Armando Bacot finished with 12 points on 4/4 shooting for the Tar Heels this evening in a victory over UNLV. Here’s a very crafty spin move from Bacot.
Bacot had 12 points and eight rebounds on 80% shooting last time out for UNC. pic.twitter.com/gUOLOH4Rlr
— Jake (@jakeweingarten) December 1, 2020
Williams calls Sharpe — one of those talented freshmen — “the best rebounder he’s had since Tyler Hansbrough.” That’s one hell of a compliment for the young big man.
Sharpe is a strong, physical specimen at 6-11, 265 pounds, who has also shown a pretty high basketball IQ. He has proven dominant at times on the offensive glass, such as his 13-point, 10-rebound (five offensive) against the College of Charleston. He displayed his well-roundedness with four points, seven rebounds, four assists and four blocks in the win over Stanford in the Camping World Maui Invitational semifinal.
Should Brooks be unable to play against Iowa, Sharpe is the likely favorite to fill his spot in the starting lineup and could share defensive duties with Bacot on Garza.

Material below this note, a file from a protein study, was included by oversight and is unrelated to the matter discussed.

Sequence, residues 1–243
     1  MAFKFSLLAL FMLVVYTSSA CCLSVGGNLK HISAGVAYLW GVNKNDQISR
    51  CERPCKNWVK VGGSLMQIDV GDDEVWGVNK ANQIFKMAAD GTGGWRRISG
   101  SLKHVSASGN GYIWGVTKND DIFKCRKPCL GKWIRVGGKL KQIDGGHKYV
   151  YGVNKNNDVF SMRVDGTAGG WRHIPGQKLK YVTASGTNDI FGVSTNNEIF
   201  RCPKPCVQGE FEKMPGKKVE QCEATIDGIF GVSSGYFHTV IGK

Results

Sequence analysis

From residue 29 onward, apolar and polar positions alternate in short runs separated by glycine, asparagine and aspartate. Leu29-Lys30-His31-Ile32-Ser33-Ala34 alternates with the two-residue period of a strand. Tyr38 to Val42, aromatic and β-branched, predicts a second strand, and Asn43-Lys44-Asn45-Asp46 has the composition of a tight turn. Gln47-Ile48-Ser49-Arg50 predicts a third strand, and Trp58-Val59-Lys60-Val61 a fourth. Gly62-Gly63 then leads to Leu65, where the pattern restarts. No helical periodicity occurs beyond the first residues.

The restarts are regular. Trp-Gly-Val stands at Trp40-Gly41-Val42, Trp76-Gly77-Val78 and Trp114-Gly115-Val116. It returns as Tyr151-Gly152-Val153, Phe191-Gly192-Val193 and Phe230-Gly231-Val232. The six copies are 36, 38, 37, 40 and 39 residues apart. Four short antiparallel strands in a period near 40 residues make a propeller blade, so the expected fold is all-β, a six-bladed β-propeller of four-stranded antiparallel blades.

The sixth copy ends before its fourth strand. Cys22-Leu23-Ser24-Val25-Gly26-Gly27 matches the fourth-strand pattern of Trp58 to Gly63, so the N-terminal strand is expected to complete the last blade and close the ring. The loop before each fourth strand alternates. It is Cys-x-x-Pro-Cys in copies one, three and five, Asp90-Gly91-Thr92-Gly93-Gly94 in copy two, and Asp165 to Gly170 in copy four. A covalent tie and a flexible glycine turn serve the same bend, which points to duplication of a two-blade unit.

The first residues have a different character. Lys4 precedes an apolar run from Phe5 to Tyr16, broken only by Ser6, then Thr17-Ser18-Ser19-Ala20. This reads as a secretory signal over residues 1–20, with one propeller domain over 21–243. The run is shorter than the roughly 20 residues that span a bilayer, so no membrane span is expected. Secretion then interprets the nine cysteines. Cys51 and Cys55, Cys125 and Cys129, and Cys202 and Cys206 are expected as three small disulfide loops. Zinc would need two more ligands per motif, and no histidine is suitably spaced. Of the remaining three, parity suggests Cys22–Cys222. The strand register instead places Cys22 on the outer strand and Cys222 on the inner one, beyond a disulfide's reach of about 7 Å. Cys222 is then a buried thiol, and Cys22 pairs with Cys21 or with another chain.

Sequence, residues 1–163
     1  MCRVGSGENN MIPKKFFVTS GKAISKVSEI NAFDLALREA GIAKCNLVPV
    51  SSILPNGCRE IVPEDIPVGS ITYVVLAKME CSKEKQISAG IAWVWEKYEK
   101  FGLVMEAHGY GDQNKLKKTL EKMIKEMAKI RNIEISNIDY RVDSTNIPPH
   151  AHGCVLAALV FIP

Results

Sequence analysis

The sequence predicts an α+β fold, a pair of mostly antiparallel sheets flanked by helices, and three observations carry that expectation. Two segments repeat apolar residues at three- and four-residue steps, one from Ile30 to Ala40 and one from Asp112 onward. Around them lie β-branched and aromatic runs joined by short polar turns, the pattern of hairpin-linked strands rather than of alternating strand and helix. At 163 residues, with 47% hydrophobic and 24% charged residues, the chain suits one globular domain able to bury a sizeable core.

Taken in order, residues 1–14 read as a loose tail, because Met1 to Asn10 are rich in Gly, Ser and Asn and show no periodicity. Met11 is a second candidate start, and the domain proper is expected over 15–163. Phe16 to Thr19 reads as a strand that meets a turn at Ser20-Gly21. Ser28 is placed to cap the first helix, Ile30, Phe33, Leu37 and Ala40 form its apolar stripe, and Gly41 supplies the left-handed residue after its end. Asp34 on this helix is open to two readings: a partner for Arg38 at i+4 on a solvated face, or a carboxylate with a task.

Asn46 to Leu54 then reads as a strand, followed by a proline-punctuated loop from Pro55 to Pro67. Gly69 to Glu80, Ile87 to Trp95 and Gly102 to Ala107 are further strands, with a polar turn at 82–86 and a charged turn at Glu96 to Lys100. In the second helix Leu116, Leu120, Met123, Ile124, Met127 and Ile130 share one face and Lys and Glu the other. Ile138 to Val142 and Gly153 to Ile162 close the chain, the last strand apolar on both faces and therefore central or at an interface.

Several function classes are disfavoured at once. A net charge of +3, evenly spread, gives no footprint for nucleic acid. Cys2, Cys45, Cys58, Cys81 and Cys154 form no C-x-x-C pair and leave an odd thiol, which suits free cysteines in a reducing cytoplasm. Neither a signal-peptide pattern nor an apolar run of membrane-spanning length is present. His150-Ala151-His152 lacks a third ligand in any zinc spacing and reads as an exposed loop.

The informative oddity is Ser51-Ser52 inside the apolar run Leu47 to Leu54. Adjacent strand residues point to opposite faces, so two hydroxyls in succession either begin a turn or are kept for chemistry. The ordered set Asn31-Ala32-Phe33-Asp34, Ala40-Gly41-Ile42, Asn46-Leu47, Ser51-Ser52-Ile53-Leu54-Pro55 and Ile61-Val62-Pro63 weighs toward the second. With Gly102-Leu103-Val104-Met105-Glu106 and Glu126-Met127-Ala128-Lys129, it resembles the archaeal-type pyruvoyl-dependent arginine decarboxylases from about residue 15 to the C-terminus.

The other five-star big man, Walker Kessler brings a game that complements Sharpe’s pretty well. While Sharpe uses his strength to dominate the interior, Kessler, standing at 7-1, uses his length and soft touch to reach over opponents and shoot with ease.
2021 UNC Dunk Count: 4
2021 Kessler Dunks: 1
Career Kessler Dunks: 1
Walker Kessler’s first career dunk as a Tar Heel came on a putback of a missed Love 3. Kessler’s absurd length is on display as he tips the rebound to himself, then easily slams it home. pic.twitter.com/RihcqKXBHv
— Carolina Dunk of the Day (@UNC_Dunks) December 4, 2020
Kessler, having missed several practices coming into the season due to COVID-19 protocols, has been eased into the rotation more slowly than Sharpe, but his talent is apparent. That said, he’d likely only guard Garza in a scenario where Brooks is out and either Bacot or Sharpe are in foul trouble.
Consider this one an absolute last resort for Williams.